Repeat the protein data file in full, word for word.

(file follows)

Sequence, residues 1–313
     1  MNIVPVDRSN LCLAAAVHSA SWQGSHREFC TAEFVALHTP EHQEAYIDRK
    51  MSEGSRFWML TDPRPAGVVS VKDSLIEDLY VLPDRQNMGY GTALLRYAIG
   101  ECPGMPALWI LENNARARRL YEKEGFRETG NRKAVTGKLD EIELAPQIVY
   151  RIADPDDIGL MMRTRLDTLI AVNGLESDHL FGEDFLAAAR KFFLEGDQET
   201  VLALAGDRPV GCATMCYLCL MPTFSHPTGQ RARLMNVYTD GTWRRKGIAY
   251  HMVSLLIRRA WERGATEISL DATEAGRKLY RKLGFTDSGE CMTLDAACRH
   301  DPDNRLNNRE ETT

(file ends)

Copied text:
Sequence, residues 1–313
     1  MNIVPVDRSN LCLAAAVHSA SWQGSHREFC TAEFVALHTP EHQEAYIDRK
    51  MSEGSRFWML TDPRPAGVVS VKDSLIEDLY VLPDRQNMGY GTALLRYAIG
   101  ECPGMPALWI LENNARARRL YEKEGFRETG NRKAVTGKLD EIELAPQIVY
   151  RIADPDDIGL MMRTRLDTLI AVNGLESDHL FGEDFLAAAR KFFLEGDQET
   201  VLALAGDRPV GCATMCYLCL MPTFSHPTGQ RARLMNVYTD GTWRRKGIAY
   251  HMVSLLIRRA WERGATEISL DATEAGRKLY RKLGFTDSGE CMTLDAACRH
   301  DPDNRLNNRE ETT